The fingers of his right hand closed over it and relief was coursing through him when he spotted something else shining between two floorboards a few inches to his left, directly in the path of the bright morning sun. Whatever it was, it was spherical in shape and glinting in his eyes, attracting his attention in a way that niggled at his curiosity. Stiles knew that if he left without exploring what the mystery object was, he would think about it until he was forced to return to check it out.  And really, it was safer to only navigate the floor of this room once.


He rolled over, his clothing already streaked with ash, so what was a little more damage?  His hand closed around the object, and he tugged it carefully forward, pulling it out of a splintered hole in the floor.


Stiles cradled it in his hand, baffled.  It looked like a partially-charred talisman of some kind, design half melted away but the metal bits still gleaming, almost vibrating in his hand with a spark that felt hot to the touch, probably from the sun caressing the metal.


It fit so perfectly in the palm of his hand that he had a moment to wonder if it was meant to be held.  He just finished closing his left hand completely around it when the floor let go beneath him.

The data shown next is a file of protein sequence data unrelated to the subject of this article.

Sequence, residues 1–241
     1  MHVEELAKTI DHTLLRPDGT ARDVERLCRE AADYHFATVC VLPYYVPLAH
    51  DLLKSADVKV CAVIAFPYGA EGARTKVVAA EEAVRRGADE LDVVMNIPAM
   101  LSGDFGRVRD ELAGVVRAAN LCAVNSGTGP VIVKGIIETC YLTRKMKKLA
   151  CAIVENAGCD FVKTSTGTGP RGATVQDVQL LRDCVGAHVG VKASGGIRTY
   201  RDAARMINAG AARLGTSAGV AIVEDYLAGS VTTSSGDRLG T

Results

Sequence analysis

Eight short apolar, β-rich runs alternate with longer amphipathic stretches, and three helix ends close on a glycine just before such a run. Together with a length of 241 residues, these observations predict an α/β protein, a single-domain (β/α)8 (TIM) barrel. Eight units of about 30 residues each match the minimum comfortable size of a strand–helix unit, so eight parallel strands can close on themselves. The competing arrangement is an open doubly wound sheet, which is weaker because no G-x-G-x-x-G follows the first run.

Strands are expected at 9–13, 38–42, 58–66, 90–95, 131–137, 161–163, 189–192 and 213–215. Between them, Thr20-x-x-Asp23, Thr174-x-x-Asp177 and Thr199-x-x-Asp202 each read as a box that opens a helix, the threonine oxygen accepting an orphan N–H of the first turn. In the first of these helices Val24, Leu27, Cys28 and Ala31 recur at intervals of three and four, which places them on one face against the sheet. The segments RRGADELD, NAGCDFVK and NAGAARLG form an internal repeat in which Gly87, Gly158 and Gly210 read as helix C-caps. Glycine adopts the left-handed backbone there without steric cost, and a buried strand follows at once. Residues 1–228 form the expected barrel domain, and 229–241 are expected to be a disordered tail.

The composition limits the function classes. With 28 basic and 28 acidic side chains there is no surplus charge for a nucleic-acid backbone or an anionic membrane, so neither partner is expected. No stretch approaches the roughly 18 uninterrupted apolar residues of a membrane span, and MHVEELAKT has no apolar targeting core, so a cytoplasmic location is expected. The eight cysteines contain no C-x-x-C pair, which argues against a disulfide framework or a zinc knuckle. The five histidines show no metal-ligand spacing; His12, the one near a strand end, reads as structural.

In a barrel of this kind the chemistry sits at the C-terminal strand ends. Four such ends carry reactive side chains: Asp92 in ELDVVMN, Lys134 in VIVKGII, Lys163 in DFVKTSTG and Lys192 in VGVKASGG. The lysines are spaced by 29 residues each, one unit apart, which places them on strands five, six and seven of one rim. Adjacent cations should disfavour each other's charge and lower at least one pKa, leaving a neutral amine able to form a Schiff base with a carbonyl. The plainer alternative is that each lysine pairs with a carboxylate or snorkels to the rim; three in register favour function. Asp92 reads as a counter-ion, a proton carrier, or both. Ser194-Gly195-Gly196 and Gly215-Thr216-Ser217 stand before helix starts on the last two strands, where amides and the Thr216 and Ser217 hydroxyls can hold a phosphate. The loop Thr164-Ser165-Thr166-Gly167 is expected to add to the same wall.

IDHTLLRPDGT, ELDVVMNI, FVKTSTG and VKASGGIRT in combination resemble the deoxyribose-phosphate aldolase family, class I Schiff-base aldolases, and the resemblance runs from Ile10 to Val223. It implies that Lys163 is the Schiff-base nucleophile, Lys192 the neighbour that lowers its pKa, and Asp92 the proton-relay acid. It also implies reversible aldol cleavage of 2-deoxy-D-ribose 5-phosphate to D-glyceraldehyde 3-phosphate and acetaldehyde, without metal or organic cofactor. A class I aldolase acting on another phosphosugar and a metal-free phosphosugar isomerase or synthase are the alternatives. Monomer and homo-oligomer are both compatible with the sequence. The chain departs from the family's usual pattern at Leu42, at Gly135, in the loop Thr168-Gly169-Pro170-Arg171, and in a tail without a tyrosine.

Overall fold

And he fell.




Stiles woke up in Beacon Hills.


That wasn’t right. 


Stiles woke up on a park bench in the middle of the downtown Memorial Park beneath the pigeon-crap covered statue of James Beacon, Beacon Hill’s founder and an 'upstanding citizen' rumoured to have murdered an entire camp of his fellow gold prospectors in order to keep the major vein he found to himself.  Stiles always thought it was karma that he then spent the next hundred and fifty some years being shit on by birds.


He wasn’t sure what that said about him and karma that James Beacon was the first thing he saw after he took a header through the floor of the Hale house.


He knew the park.  He knew the area he was sitting in, just like he knew if he turned his head to the left…


Stiles awoke sitting directly across from his father.